The Mad Honey Experiment: Nepalese mad honey is as trippy as it is tasty, but very unlike other psychedelics
This ain't your grandma's honey
I had no idea what to expect, as I mixed the mad honey into my green tea at Hapa sushi. I’d been told this stuff was medicinal, psychedelic even, but to what extent? I was curious.
Soon enough I’d know.
A few weeks earlier I’d arrived at the Rooster’s office to find a strange surprise on my desk: A package from Australia, addressed to me — which was unusual. Aside from the occasional album or book to review, I don’t get much in the way of mail at this place.
So, I sat down and opened the box, to discover two jars with purple and white labels that read: Mad Honey Nepal.
“This is pure MAD HONEY,” the label continues on the other side. “Known as Cliff Honey by the locals from high in the mountains of Lamjung, Nepal. It is harvested from the Rhododendron ponticum flower and contains grayanotoxin. We only sell the most potent mad honey.”
I had reached out to this company, Mad Honey Nepal, after reading about this strange “psychedelic” honey that had once gotten an entire Roman army fucked up and subsequently slaughtered by their foes (seriously). According to anecdotes like these, mad honey can cause hallucinations and has a profound effect on one’s state of consciousness.
I was intrigued. A natural psychedelic drug produced by honey bees? It sounded right up my alley. So, I called Andrew Bastow, the founder and owner of Mad Honey Nepal to learn more about his honey, what it does, and of course, to request a sample.
“Probably about five or ten years ago now, I read an article online about honey that could get you high,” Bastow says. “I saw that there was no one selling it and I thought to myself it might be a good opportunity, if it was real, to go out and try and find it.”
Which was exactly what he did. Bastow packed his bags, got a translator and bought a plane ticket to Turkey — one of only two places on the planet where mad honey is produced.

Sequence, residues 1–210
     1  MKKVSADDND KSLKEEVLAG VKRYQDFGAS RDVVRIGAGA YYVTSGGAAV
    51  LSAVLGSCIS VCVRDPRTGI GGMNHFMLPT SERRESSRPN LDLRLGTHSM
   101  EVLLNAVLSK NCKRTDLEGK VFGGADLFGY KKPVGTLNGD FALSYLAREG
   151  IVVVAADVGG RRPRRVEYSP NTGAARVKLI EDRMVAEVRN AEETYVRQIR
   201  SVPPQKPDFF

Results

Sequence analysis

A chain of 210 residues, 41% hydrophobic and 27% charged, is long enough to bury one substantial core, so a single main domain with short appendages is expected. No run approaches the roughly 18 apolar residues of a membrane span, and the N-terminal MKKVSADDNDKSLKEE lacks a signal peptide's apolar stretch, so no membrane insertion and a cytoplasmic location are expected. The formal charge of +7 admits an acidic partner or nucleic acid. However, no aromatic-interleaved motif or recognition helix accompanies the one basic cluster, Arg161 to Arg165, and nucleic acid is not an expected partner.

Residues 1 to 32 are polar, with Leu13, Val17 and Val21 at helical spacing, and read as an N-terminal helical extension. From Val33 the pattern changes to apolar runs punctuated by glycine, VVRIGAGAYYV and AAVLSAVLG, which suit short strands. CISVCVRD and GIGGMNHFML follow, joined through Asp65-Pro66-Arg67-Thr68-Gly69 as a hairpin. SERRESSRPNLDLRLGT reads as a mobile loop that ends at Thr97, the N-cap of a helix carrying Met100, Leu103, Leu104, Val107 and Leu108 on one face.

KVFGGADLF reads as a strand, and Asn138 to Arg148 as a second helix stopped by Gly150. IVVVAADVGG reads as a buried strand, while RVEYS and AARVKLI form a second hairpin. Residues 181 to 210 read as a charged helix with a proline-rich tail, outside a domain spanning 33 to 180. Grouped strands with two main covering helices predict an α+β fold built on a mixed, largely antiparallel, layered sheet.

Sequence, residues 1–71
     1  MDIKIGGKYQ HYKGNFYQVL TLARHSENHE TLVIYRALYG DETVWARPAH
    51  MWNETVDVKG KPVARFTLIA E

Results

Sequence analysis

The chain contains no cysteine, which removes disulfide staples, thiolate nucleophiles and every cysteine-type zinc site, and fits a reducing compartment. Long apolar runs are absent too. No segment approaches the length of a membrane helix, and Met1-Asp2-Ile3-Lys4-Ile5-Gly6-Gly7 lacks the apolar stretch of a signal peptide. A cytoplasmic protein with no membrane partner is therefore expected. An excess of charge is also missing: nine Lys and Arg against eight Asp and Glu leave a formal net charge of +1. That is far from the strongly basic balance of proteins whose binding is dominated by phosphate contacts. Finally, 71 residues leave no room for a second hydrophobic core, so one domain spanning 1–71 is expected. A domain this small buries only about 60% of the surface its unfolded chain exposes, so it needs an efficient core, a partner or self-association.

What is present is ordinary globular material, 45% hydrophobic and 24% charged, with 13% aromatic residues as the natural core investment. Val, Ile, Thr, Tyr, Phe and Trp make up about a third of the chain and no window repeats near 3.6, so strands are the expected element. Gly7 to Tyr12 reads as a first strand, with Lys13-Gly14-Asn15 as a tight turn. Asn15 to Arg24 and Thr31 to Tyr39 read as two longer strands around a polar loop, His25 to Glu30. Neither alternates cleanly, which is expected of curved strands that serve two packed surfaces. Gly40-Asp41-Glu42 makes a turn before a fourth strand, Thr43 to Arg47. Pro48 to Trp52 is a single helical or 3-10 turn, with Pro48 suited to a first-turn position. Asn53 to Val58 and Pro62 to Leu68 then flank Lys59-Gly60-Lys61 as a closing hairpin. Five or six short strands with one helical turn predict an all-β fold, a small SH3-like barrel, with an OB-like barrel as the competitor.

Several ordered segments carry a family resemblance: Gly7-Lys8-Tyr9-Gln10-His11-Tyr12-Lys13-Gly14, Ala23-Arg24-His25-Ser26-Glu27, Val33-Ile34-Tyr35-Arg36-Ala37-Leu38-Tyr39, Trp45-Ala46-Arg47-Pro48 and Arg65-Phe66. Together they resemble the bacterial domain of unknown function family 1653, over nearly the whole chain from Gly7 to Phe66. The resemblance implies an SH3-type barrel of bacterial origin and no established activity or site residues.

“I journeyed down there, and had to go into the villages and speak to the villagers about the honey. And I got to try it from the actual hives,” he says. “And sure enough, it turned out to be real.”
That was when he decided to make a business out of this stuff. He felt the euphoric effects of the Turkish mad honey and recognized that there was a lot of potential to bring it to market.
Enter: Mad Honey Nepal. Bastow started the business after discovering that the Nepalese mad honey is between 10 and 15 times stronger than the Turkish analog. In Nepal, locals have been using mad honey for thousands of years, for its medicinal and mystical properties.
It’s not easy to collect, though. The honey bees that make mad honey are the largest in the world and they only build their hives high on cliff faces. So, to harvest the honey comb honey hunters must climb rope ladders, while huge bees swarm all around, stinging them as they use bamboo lances to dislocate the mad honey comb from the rock. Then it has to be processed and Bastow’s is lab-tested for purity, safety and efficacy.
But the reward is worth the effort.
Photos courtesy of Andrew Bastow.
I dipped my chopsticks in the jar of honey, which I had brought with me on my valentine’s day date with my girlfriend. She watched, intrigued, as I mixed the honey into my green tea one dip at a time. When I thought I’d mixed in about a teaspoon, I put the chopsticks down and lifted my glass.
We clinked tea to sake, and I drank the concoction down.
The honey itself tastes pretty much as you would expect: sweet. It’s got a reddish hue that comes from the pollen of the rhododendron flowers that the bees pollinate and it has the consistency of cough syrup. Bastow says that it burns the back of your throat if you eat it straight — but I didn’t experience that in the tea.
Within 40ish minutes I could feel the honey creeping up on me. The back of my head started to tingle, like I was getting a scalp massage. Then, from within, I felt a warmth around my heart, in my chest and abdomen. Things slowed down a little, and my state of mind became tranquil. By the time we left the restaurant I was feeling good and strange.
There are no visuals, though. The high is very much a bodily one and a mental one; a warm and relaxed sensation more like a sedative than your conventional psychedelic. Which makes sense, grayanotixin, the psychoactive ingredient in mad honey is actually a delieriant, instead of a hallucinogen.
So don’t try and get too crazy with this stuff — the recommended dose is just one teaspoon and you should not take any more than that. On this point, Bastow was adamant. Because this stuff is technically a neurotoxin, too much of it can actually poison you. Some anecdotes describe mad honey poisoning as being extremely uncomfortable: your vision blurs and closes off, you get confused and disoriented, you vomit, get dhiarrea and are very, very high. It sounds like dark trip and not one I want any part of.
However, in small doses, the mad honey high is a pleasant one. It’s not overpowering, it doesn’t muddle your mind too badly and gives you warm and fuzzy feelings all over. You can buy your own jar on Bastow’s website for Mad Honey Nepal.
It’s legal and he ships anywhere in the US.